XXL Cauldrons, or How to Feed 600 People
Lady Despenser has some interesting posts about the offices in the king's household at the time of Edward II (here and here). A good number of those jobs were somehow involved with feeding the king and the royal household, and that reminded me I have some pics of what remains of the kitchens in Caernarfon Castle.
The kitchen was situated between King's Gate and Well Tower, using the curtain wall as outer wall, and opposite the never finished great hall. The way would have been short but with the Welsh rain (it was one of the two rainy afternoons during my stay) there would have been need of special umbrella bearers nevertheless.
Curtain wall with remains of the kitchens, and the Well Tower (left)
The rather flimsy foundations of the courtyard site wall shows that the kitchen was intended as preliminary structure. At the time of Edward I, with construction work still going on in Caernarfon, there were about 600 people to feed every day, staff, servants (some 350 of those alone) garrison, and workers.
One of the features planned but never completed was a dock at the Well Tower that would have allowed to bring in waterborne supplies via the - then waterfilled - ditch. The entrance was to be defended by two sets of gates, portcullis and murder holes. Supplies were stored in the basement and the lower ward where the granaries and larders were located. The staircase was wide enough for two porters to pass side by side. Settings for the cauldrons in the boiling room
An important part of the diet was boiled meat. There was a separate boiling room for that purpose with settings for two XXL cauldrons atop a stone furnace. The boiling room - adjacent the Well Tower - was separated from the kitchen proper by a thick wall into which a hearth was built. The connection between boiling room and kitchen went through a passage in the curtain wall which also held the pipes for water supply from the Well Tower. The well was about 50 feet deep.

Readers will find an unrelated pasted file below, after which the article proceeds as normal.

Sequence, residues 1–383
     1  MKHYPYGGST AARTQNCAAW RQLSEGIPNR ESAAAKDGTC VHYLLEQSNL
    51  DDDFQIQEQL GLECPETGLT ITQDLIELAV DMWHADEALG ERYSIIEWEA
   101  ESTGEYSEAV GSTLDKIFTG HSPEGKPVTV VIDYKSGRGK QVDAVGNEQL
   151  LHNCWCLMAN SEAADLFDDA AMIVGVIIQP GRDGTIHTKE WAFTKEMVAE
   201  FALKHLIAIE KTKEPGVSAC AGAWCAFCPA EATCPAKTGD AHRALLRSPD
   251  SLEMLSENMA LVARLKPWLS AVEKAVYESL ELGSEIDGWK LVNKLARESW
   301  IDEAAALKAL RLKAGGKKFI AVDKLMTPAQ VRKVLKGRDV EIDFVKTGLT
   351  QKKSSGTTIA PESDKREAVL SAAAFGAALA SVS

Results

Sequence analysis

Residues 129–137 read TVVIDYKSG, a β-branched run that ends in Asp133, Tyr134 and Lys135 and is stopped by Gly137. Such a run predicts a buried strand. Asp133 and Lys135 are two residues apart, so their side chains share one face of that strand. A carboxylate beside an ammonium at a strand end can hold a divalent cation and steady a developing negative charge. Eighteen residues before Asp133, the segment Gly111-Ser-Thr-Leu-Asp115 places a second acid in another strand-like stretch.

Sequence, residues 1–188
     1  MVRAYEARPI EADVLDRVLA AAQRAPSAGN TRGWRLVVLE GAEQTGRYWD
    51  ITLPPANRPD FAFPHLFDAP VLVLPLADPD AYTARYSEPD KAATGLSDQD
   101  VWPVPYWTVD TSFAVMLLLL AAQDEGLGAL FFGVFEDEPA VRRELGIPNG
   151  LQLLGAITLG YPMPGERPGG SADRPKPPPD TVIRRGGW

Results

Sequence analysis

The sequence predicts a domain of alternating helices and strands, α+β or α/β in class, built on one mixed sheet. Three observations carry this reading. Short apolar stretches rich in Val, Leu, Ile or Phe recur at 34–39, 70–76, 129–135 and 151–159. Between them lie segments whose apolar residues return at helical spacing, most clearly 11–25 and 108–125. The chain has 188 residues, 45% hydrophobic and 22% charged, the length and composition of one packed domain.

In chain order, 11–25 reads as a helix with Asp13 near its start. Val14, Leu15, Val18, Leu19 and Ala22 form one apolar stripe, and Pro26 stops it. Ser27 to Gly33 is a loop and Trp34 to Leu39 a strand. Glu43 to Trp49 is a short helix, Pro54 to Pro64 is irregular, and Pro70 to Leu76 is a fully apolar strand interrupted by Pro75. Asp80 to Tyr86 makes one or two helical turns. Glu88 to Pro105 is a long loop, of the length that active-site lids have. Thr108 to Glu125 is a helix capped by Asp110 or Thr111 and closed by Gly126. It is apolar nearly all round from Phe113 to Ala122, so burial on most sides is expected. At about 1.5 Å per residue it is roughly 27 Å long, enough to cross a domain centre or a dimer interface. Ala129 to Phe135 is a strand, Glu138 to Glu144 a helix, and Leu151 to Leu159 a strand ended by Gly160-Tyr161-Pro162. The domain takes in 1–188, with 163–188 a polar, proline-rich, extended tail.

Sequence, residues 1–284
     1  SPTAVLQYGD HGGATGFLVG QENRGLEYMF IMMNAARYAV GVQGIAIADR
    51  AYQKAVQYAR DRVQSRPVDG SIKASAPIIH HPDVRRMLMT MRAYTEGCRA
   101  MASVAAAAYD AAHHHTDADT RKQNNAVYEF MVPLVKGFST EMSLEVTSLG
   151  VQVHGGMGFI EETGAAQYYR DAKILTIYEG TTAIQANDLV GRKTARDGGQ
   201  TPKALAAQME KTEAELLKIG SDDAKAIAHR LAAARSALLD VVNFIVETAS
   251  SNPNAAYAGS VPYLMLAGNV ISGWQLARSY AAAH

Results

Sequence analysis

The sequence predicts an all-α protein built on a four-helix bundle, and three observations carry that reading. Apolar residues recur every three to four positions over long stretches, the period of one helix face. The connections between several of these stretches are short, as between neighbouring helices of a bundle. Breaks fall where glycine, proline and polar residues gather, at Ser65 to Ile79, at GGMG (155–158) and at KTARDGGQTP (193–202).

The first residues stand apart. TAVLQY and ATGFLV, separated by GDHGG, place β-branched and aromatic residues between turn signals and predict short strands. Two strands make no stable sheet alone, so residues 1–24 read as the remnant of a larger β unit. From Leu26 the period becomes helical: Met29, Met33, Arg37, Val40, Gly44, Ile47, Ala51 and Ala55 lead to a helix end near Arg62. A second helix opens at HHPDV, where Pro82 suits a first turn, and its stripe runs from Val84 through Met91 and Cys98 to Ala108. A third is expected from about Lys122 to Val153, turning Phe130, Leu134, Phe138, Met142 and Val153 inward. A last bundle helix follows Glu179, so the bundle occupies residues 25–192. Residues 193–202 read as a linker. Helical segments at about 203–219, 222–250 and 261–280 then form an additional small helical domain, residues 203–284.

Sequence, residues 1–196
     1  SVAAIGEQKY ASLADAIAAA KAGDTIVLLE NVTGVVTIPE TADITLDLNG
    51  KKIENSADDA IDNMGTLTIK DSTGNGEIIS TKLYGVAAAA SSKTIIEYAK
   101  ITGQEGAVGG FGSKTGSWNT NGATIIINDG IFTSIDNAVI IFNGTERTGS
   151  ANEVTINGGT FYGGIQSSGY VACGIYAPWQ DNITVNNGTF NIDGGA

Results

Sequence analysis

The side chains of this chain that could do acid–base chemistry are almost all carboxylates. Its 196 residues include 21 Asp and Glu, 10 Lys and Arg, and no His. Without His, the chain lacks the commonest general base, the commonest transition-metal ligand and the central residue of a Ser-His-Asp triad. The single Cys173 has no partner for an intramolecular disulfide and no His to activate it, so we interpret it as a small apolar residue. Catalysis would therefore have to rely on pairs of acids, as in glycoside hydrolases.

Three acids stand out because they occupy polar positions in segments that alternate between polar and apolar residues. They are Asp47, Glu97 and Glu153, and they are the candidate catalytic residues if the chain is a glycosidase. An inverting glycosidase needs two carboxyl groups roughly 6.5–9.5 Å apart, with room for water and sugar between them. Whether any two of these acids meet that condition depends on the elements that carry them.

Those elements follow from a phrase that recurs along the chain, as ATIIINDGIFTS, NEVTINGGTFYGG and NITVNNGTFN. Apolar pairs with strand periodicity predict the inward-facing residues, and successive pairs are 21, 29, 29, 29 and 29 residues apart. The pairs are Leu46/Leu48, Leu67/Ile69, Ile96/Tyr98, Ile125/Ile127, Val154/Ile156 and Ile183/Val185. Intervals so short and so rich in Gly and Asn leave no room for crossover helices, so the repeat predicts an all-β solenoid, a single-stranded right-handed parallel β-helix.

Not visible on the photo is the special storage space for herbs and spices in the wall of the Well Tower. Since some of the spices were very expensive, I can imagine that closet was securely locked. View towards the boiling room from the accomodation room
Toothings for the separating wall and foundation of the fireplace can be seen in the background, the passageway openings at the side. The water supply was gathered in a bassin (the smaller opening; it's very weathered today) and waste was disposed through the hole near the ground in the room in the foreground. The accomodation rooms took up two storeys; there's a staircase in the curtain wall.
The Cadw guide book doesn't specifiy who occupied the accomodation rooms, kitchen staff or guests. The advantage would have been that the rooms were warm with the fireplaces and the chimney the remains of which can be seen in the foreground of above picture, but being housed in the Eagle Tower surely held greater prestige. Maybe it was staff and poor guests like pilgrims.
The meals for the king were not prepared in the main kitchen but in a separate room in the Eagle Tower, near the king's appartment. This seems to have been a non-permanent arrangement as well. He also had his personal cooks - or should we call them chefs, lol?View towards accomodation rooms from the kitchen
The ground floor of the Well Tower held the counting house, the central financial office of the royal household. Here the steward, the treasurer and the controller would meet every day, assisted by he cofferer who collected funds and provided money for purchases. Plus a bunch of clerks, of course. Money spent on fresh supplies, and things taken from the stoes were controlled as well as the number of meals given out, and every evening the accounts would be compared - without the use of Excel and other useful programs. If a cook could not explain any difference, he'd be fined heavily.
Now we only need Elizabeth Chadwick
to come up with a Mediaeval receipe to go with those posts. Preferably one that doesn't require an XXL cauldron.